Koeberg Nature Reserve near Blouberg, Cape Town, By Tracey Obery
The Reserve measures roughly 3,000 hectares of Eskom property, and was proclaimed as a nature reserve in 1991. It was established to protect and conserve the local flora and fauna, and it also acts as an educational center for young and old.
The reserve plays a pivotal role in the conservation of the area, especially since the development of industries and residential properties along the West Coast. Within the reserve you can find a number of unique coastal land forms, wetlands and different vegetation communities protected within this area.
The reserve offers two diverse, well marked hiking trails and a mountain bike trail.
1.The Dikkop Trail (9.5km; 19,3km, or a 22.3 km trail)
The Dikkop Trail has been designed to lead the hiker through a widely varying terrain, and it is the perfect opportunity to experience the many moods of the West Coast. The trail starts at the visitor center, and follows a circular route through the nature reserve.
The Mountain Biking trail follows a similar route to the Dikkop Trail, with plenty of gradients to make it enjoyable for the seasoned cyclist and the novice, young or old.
2.Grysbok Trail (2,5km or 5,7km trails)
The Grysbok trail again starts at the visitors center covered parking and follows a circular route through the reserve. There are two alternatives for this trail, the first is a 5,7 km hike, which follows a circular walk , which includes a stroll along a “private” stretch of beach and offers beautiful, unobstructed views of Table Mountain. There is an abundance of plant life and fynbos to be seen and animal life, especially bird-life is abundant. Hikers will also be able to view the ruins of a historical farmhouse, a truly spectacular site in Spring, with a variety of flowers in bloom, all around.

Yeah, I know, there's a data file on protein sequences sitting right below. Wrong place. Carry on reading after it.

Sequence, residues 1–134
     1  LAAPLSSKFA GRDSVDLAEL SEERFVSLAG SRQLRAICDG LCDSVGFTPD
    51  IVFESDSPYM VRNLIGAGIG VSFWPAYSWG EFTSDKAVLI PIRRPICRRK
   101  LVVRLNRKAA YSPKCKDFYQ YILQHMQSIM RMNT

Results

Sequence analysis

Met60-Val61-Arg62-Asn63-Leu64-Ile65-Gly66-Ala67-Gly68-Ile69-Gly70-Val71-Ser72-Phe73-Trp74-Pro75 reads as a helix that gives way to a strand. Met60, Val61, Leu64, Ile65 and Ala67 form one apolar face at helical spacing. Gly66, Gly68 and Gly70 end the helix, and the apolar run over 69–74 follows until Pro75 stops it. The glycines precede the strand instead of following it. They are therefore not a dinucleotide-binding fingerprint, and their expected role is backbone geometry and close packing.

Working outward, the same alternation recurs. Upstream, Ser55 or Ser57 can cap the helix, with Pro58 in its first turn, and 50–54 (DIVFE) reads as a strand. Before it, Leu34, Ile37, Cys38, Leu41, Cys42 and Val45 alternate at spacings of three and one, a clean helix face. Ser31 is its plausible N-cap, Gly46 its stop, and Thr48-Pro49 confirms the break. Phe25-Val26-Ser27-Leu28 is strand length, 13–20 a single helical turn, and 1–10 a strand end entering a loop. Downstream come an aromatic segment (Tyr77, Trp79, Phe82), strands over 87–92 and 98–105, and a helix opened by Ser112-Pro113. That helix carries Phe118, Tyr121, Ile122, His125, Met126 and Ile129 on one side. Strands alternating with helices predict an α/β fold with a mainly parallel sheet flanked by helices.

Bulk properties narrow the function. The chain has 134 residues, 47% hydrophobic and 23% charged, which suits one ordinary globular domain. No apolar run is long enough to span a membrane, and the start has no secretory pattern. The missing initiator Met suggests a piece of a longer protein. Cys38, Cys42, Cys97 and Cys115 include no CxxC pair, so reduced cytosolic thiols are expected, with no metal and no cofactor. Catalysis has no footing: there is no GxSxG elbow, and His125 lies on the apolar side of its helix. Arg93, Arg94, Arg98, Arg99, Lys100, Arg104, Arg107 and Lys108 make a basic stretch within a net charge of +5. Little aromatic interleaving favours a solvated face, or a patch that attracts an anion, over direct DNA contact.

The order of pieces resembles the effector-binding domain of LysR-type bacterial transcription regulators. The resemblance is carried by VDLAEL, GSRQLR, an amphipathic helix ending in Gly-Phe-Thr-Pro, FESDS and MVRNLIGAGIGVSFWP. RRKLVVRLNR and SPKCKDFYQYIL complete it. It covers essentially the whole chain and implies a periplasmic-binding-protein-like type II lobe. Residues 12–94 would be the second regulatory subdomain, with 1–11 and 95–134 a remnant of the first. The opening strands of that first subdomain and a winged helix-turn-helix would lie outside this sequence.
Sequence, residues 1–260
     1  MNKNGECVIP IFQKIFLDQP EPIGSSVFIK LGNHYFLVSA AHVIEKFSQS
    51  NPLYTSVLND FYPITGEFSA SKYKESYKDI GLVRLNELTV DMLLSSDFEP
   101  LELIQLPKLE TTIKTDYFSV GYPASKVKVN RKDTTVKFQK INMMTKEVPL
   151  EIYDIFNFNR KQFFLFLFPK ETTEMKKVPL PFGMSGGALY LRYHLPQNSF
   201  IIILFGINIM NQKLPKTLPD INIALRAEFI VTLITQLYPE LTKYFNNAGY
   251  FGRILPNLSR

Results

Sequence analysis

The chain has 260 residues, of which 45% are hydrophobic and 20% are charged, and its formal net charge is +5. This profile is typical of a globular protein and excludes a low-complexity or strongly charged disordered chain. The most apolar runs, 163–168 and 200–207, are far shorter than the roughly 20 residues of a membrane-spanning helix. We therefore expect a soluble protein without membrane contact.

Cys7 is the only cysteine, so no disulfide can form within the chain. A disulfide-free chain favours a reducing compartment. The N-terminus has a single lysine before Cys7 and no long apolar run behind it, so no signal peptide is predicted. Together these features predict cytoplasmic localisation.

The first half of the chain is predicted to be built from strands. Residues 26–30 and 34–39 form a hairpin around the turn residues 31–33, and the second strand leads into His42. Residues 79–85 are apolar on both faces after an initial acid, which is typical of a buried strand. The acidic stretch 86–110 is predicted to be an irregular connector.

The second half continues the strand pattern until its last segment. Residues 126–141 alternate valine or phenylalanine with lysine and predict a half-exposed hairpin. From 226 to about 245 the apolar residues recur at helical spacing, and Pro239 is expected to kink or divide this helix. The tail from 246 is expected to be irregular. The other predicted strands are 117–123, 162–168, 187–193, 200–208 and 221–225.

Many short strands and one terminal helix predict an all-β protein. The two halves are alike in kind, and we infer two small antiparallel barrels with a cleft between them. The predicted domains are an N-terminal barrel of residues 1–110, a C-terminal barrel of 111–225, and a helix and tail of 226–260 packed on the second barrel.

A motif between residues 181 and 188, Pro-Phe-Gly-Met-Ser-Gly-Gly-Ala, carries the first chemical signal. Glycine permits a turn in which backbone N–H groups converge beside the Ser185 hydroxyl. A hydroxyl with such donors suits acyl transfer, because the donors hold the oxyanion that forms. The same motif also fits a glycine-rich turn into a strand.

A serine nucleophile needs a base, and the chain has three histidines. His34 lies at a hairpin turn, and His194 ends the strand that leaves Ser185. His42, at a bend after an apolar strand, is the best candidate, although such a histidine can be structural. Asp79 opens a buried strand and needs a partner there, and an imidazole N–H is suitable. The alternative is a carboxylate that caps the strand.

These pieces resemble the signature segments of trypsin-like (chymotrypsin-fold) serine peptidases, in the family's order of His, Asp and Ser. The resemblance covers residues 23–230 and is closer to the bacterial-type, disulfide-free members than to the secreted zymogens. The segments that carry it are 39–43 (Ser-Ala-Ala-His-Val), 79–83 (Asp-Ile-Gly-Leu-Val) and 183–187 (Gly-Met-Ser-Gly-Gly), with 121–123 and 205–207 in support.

The 2,5 km trail will take you through all of the above areas, except the wetlands, and is a pleasant way to spend a few hours.
The reserve has a variety of buck; Springbok, Bontebok, Eland and Impala's, they also have a small herd of Zebra, all the animals are originally indigenous to the area and have been reintroduced so that visitors can view them in their natural habitats. The park has a few small predators, such as the African Wildcat, Grey Mongoose and Genet, and if lucky visitors might be able to spot the elusive Caracal, which is the largest predator in the area. Reptiles are also abundant in the park, and if you are patient you can observe first-hand the habits of , the Cape Cobra, Mole Snake, Boomslang, Skaapsteker and the Angulated Tortoise.
For the bird-watcher there are over 172 identified bird species on the reserve, which can make for hours of uninterrupted bird watching.
During the whale season, there are viewing platforms which offer you perfect and private views of Southern Right Whales.
The reserve is continually expanding on the breeds of animal at the reserve, and now have Wildebeest on their list of wild life.
Be sure to pop in to the visitors center and ask for a map of their trails before you start to ensure that you make an informed decision.
By Tracey Obery